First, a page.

Wall Street Journal Reports Building Boom Is A’Coming To Brooklyn

The Wall Street Journal today reports that “Brooklyn Is Set For A Building Boom” in an article that claims residential developers are running out of zoned space in Manhattan, so setting their sights—and sites—on the borough.

A report by Nancy Packes, a consultant to city developers, says, “Brooklyn has in the early planning stages as many as 14,000 new residential units, compared with Manhattan, where just 5,000 new units are in the planning phase.”

The article focuses on downtown Brooklyn and the Williamsburg waterfront, but mentions 30 Henry Street, “a low-rise project in Brooklyn Heights with full-floor units designed to emulate townhouses.”

The Packes study also insinuates that because a high percentage of Brooklyn residents are “tech or creative workers” (34%), they are more likely to “gravitate toward simple, tasteful new construction at lower price points and away from modern towers loaded with amenities.”

Citi Habitats broker Anthony Dellecave noted in the story, “That charming brownstone feel is what people like about Brooklyn. From a developer’s perspective, I’d stay away from the modern luxury high-rise and focus on old-world charm and prewar character.”

Adds Packes, “The idea of luxury may finally be finished, at least to these emerging neighborhoods.”

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  • DrewB

    My favorite line in this pst…

    Adds Packes, “The idea of luxury may finally be finished, at least to these emerging neighborhoods.”

    Maybe these stupid developers have finally learned you cn develop neighborhood without destroying it. I have no problem with new development as long as stays in scale with the neighborhood.

  • JC

    I worked in RE. What is considered luxury? 90 degree walls so sharp you can lose skin if you accidentally rub against them while turning a courner? A marble sink?

    There is no such thing as “LUXURY” in older “modern” structures. All it means is that you have or may have a Doorman.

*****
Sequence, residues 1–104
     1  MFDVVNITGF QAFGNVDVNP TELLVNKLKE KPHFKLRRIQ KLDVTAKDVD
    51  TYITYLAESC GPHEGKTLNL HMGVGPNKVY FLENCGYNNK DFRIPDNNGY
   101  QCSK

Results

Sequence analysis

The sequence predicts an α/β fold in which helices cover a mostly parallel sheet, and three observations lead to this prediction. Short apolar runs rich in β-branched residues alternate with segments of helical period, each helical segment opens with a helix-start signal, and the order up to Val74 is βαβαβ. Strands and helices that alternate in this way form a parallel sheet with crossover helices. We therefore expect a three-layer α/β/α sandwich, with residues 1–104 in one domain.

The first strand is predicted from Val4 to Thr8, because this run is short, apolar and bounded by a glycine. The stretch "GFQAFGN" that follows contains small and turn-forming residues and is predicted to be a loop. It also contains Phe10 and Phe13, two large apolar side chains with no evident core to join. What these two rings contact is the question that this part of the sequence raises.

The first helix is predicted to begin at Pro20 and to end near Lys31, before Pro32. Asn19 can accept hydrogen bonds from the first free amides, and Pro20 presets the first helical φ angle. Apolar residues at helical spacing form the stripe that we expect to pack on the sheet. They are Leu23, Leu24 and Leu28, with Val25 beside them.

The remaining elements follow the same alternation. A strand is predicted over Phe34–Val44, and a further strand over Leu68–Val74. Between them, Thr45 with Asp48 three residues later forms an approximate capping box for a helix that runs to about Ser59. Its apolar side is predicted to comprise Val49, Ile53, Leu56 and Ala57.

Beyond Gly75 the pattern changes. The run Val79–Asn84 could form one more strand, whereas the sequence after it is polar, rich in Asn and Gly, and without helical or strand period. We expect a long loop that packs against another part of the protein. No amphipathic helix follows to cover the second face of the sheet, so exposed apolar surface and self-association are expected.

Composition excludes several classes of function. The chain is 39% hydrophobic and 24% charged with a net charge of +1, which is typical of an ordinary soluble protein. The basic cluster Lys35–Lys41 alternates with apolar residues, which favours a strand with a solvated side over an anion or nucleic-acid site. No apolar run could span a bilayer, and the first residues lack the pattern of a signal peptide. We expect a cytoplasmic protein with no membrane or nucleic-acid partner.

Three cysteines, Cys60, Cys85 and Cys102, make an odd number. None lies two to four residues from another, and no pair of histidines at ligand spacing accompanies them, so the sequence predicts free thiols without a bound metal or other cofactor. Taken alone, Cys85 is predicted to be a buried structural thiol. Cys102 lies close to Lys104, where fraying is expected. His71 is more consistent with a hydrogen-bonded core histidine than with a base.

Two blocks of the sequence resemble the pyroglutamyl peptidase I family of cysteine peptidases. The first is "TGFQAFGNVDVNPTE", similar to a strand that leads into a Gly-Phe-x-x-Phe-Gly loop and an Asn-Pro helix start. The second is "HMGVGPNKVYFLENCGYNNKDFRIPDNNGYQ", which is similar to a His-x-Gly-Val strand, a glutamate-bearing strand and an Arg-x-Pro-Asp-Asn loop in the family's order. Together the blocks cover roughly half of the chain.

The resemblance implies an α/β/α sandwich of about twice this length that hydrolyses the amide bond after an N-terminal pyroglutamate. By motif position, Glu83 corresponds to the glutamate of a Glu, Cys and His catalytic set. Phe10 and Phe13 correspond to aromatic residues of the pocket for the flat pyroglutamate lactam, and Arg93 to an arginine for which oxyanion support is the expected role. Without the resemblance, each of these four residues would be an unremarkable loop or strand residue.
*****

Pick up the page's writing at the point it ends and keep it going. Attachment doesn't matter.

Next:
Having a “pre-war” look and feel IS luxury. Rounded courners, moldings, a fireplace.

  • Jorale-man

    I never understood why doormen are such a draw for some people. I’ve lived in both doormen and non-doormen buildings and prefer the latter. You don’t have someone who knows your business all the time and there’s no awkward, forced conversation every time you come and go.

    Maybe they’re helpful if you’re elderly or live in a borderline neighborhood but otherwise I question whether they’re worth the extra cost.

  • stuart

    What happened to the land bridge connecting Manhattan to Governor’s Island? No need to develop second rate sites in obscure 718 zones. Build more of the Emerald City and the will come!

  • Curmudgeon

    Hmmm. The WSJ article says that people want that Brownstone look and feel, yet the Brooklyn Heights Association on the 30 Henry St. plans wants something contemporary and distinctive. As quoted in the blog “BHA member and architect Jonathan Marvel is quoted as saying, ‘We implore you to inspire, to delight, to raise the bar on originality.’”

    Seems someone is out of touch. Contemporary is fine in its place, but perhaps just not here.

  • stuart

    The people with the money are by and large young, not the old fogeys who had good jobs once during the Nixon Administration.
    Younger people want all kinds of modern things unimaginable to old curmudgeons. Brownstone Brooklyn is undergoing a huge change, younger and very affluent people are moving here because they want to, not because they can’t afford the Village or the Upper East Side. It’s a new ballgame folks.

  • Curmudgeon

    @Stuart – Did you actually read the WSJ article or are you just blowing hot air as per usual? And must you always find it necessary to hurl a personal insult in many of your posts.

    Seems that you really want to live somewhere else more modern and you know, maybe less charming than Brownstone Brooklyn. As a previous BHB blogger stated, perhaps you should try living in a more modern area like Las Vegas. You certainly don’t seem to belong here. I think you will fit in there more readily. Your constant references to affluence and money are a bit stale and very telling.

  • Bette

    They never seem to mention Brooklyn Heights…

  • Willow St. Neighbor

    How old are you? Twelve?

  • ChrisEllen

    Imagine you are older, or have some even minor disability… A doorman can be VERY helpful….